DREA WHEELER: We never said it was you.
MARYANNE OKETCH: No.
DREA WHEELER: We're saying how we feel. Just because I'm saying how I feel at this moment, does not mean that you can make that your problem. This is my situation, my issue. I'm addressing it the way I want to address it.
KYLIE MAR: And Maryanne, also wanted to address the situation in her own way.
MARYANNE OKETCH: I don't think there's any votes which are going to me, tonight, but I need to play this, so that people who are watching will know that I didn't make it another day because of race.
JEFF PROBST: Then it wouldn't be fair if you could hold that believing you wouldn't get votes because of the topic.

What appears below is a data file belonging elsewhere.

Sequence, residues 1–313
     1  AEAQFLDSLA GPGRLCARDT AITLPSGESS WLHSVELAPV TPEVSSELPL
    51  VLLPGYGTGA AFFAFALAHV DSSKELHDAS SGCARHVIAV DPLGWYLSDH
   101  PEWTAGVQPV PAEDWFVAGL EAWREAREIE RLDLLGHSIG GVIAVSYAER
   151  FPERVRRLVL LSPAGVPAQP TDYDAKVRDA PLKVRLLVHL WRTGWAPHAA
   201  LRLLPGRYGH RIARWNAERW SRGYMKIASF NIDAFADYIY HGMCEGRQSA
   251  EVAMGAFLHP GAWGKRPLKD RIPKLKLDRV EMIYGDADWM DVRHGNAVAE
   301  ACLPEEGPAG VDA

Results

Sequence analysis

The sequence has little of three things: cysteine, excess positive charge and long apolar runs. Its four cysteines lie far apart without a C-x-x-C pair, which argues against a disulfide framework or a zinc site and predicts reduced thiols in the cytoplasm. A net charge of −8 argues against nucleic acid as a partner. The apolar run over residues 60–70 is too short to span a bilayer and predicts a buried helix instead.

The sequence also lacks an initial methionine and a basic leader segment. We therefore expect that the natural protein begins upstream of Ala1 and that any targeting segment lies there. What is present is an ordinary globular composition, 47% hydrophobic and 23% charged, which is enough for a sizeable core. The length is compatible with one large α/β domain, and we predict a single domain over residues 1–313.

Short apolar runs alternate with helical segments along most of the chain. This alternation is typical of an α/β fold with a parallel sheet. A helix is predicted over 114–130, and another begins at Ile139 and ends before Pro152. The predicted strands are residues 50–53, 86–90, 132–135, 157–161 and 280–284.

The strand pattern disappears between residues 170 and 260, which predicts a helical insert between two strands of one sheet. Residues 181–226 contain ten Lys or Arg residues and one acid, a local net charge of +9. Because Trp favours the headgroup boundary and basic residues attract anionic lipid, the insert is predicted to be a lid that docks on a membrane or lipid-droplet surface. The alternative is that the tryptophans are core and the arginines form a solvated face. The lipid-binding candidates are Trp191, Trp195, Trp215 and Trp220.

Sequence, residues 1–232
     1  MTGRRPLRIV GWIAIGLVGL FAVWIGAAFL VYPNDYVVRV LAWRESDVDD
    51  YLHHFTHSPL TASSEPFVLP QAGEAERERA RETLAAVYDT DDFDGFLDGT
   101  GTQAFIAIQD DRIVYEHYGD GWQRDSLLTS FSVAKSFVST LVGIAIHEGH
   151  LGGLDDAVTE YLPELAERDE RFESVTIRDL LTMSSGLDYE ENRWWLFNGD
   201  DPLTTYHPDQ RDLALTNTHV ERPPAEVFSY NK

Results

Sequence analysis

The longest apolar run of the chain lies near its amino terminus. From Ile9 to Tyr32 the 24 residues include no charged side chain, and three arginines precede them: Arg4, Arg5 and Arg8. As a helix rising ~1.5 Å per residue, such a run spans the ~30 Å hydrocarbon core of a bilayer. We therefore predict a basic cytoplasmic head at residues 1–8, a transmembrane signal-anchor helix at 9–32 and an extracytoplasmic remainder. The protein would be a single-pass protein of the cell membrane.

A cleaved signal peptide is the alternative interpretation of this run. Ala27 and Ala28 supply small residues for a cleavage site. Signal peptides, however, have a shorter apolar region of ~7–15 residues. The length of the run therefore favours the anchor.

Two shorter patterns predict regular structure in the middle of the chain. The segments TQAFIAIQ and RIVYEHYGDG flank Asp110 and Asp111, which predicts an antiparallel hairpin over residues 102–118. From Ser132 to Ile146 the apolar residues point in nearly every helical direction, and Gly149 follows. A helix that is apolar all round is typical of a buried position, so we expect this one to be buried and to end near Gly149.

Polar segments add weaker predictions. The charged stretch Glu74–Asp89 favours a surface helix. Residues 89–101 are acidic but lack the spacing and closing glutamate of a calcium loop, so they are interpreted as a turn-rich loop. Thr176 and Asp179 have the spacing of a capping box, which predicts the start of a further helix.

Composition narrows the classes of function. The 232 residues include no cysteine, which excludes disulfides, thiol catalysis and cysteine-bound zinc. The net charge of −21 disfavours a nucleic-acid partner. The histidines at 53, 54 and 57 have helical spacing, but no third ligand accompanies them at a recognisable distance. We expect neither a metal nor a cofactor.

- You wouldn't be able to.
KYLIE MAR: Viewers took to Twitter to praise Drea and Maryanne, with one person tweeting, "This survivor moment is so needed. Black players standing together in solidarity against this cycle of unconscious bias is critical."
But after all of that, there still was a game to be played. And since it felt awkward to still go through the whole pomp and circumstance of voting, they just did it all right there. After Drea and Maryanne played their hidden immunity idols, it basically came down to a game of chance for Tori and Lindsay.
JEFF PROBST: Tori, you are not safe.
- Sorry, Tori.
TORI MEEHAN: It's OK. I prayed about it.
- Oh, Tori.
TORI MEEHAN: I knew God could have made me safe, but--
- Sorry, Tori.
JEFF PROBST: You need to bring me your torch.